Function Order: Si-Fe-Ti-Ne
“You know, Michael; now that you’re so respectable, I think you’re more dangerous than ever. I liked you better when you were just a common Mafia hood.”Kay Corleone
In her suburban lifestyle as a young woman from a privileged upbringing, Kay has a naïve attitude about how the world works—she doesn’t think politicians “have people killed” because she has never encountered it. She simply, at first, wants to be a supportive girlfriend and later wife, and is shocked to discover all the mechanisms of the criminal underworld. The more she watches her husband handle “the family business,” the more Kay loses her hope he will legitimize the family and abandon his mafia activities. She becomes increasingly dissatisfied with the immoral nature of his behavior and suspicious about his involvement in various crimes. She judges his activities as criminal and can no longer support them, leading her to abort their unborn son out of a fear he will grow up to be “just like his father.” She does not want to bring another life into Michael’s world of corruption and murder, and in anger, she tells Michael as much. His rejection of her and abrupt throwing her out of his life makes no sense to her, and she scrambles to attempt to understand it, since it’s not easy for her to sever their ties and just walk away from her children.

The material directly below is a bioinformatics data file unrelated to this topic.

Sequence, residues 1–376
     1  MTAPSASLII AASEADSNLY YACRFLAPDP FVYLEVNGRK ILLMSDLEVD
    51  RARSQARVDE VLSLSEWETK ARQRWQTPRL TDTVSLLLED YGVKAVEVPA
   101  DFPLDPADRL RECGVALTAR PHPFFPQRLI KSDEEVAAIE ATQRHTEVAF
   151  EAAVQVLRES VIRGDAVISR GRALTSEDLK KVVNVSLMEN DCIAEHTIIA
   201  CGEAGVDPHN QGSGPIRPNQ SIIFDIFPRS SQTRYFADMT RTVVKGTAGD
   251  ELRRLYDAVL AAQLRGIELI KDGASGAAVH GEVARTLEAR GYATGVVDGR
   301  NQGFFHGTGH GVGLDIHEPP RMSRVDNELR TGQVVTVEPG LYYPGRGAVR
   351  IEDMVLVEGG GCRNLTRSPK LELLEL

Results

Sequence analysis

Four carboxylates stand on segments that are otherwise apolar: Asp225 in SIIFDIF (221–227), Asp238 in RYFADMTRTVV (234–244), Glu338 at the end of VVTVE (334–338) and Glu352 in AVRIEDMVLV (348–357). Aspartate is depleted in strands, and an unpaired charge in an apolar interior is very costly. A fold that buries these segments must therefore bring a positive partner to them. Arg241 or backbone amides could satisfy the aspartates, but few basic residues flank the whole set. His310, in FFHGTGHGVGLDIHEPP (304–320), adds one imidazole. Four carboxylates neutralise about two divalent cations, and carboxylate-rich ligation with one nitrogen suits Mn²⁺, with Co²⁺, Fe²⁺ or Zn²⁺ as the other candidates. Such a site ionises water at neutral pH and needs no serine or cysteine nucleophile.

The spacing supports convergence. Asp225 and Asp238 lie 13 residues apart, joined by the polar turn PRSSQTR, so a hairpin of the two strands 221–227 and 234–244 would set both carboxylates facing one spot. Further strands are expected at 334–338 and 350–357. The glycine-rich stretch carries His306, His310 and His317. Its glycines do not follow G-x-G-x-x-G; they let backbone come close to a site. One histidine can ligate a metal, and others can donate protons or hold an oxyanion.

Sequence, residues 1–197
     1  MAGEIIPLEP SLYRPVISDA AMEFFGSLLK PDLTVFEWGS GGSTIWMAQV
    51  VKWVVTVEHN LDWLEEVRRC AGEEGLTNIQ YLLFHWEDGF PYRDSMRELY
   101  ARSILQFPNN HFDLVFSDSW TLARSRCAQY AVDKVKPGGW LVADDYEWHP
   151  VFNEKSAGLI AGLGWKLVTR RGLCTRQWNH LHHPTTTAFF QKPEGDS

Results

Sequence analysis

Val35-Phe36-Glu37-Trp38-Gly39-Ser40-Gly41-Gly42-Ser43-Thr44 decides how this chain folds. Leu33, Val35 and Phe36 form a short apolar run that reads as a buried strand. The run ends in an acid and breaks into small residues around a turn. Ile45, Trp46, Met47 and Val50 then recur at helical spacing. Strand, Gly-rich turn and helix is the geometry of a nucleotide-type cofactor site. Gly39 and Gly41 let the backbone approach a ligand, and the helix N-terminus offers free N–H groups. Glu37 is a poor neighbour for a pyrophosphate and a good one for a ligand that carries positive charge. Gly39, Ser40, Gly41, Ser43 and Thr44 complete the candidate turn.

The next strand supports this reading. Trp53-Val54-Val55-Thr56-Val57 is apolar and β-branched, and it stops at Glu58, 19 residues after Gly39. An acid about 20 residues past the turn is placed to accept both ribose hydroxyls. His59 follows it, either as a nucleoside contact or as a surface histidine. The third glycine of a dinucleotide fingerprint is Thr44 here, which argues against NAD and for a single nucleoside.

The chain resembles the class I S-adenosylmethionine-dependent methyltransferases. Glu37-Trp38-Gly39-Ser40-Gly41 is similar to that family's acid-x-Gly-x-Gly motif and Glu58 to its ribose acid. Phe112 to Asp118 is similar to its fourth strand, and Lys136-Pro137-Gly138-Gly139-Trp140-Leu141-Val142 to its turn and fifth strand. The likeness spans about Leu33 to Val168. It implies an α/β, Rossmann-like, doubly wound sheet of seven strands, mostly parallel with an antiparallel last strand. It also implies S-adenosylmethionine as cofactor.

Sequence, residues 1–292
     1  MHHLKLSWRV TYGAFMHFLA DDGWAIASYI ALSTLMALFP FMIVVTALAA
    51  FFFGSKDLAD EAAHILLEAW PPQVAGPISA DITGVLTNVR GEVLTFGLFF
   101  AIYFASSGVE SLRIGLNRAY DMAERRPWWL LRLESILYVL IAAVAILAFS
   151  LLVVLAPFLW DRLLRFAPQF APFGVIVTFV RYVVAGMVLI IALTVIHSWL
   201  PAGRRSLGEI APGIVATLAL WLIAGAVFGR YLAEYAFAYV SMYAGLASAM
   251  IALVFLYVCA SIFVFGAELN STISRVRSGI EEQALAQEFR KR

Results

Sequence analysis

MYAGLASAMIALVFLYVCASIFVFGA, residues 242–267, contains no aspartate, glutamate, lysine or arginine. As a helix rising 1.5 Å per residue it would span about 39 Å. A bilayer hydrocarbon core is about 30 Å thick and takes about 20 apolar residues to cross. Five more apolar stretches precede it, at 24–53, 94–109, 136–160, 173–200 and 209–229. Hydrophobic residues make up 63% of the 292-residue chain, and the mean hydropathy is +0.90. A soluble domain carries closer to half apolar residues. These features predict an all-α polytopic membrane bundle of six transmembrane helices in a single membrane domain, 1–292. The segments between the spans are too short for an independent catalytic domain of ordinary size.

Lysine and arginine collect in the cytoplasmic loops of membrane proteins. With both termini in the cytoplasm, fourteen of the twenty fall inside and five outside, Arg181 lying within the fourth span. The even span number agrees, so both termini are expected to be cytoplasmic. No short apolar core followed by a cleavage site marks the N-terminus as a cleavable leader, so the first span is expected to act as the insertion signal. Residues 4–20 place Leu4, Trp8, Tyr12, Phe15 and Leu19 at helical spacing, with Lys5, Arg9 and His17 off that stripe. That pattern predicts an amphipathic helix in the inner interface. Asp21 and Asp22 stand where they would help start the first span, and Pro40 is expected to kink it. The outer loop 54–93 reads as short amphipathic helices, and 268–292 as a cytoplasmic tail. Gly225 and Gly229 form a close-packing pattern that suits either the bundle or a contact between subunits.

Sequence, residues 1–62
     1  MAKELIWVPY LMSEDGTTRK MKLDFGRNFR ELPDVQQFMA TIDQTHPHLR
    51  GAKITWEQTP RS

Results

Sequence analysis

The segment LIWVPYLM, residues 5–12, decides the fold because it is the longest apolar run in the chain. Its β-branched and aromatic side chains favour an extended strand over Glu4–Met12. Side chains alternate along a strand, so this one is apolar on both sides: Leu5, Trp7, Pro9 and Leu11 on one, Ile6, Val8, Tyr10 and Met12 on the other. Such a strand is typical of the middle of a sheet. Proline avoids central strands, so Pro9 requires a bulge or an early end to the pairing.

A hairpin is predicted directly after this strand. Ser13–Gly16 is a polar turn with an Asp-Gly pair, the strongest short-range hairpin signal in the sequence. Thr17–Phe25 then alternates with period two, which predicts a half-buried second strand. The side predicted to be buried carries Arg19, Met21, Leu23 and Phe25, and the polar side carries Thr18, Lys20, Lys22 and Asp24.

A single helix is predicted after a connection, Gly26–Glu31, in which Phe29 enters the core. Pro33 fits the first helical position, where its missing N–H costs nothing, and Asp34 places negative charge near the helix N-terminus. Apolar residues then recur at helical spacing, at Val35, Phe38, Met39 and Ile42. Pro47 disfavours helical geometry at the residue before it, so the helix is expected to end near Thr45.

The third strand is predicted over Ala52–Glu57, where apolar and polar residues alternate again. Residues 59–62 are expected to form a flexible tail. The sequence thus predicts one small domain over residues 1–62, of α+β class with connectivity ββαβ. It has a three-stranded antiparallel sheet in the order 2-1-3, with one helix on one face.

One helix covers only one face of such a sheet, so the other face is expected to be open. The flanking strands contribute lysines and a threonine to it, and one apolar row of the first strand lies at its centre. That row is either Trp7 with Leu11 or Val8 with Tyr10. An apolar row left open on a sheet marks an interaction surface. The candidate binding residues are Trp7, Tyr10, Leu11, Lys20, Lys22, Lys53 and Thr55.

Enneagram: 2w1 so/sp
Kay wants to ‘be there’ for Michael in his times of turmoil and pain and cannot understand why he will not allow it, or why when he ran off abruptly to Europe, he didn’t leave her a forwarding address. Before her marriage, as a teacher, she spends all her time nurturing children. After she becomes a Corleone, she focuses on giving their children love, attention, and emotional support, even arguing to Michael many years later that he should not block Mary from being with the man she loves. Kay makes decisions with her heart and not her head, both in her choice to marry Michael and in her increasing distaste for his brutal activities (the murder of Connie’s husband, the death of his brother, etc). Her 1 wing becomes more and more pronounced, as she develops an increasing distaste and disapproval for the entire culture (she sees it as old-fashioned, blood-soaked, and immoral) and later, for her husband’s involvement in it. She often preaches at him after they are separated, and in a blind rage, she screams out the truth of her abortion at him, in a spectacular ‘disintegration to 8’ that is blindsided by him backhanding her so hard, she lands on the couch.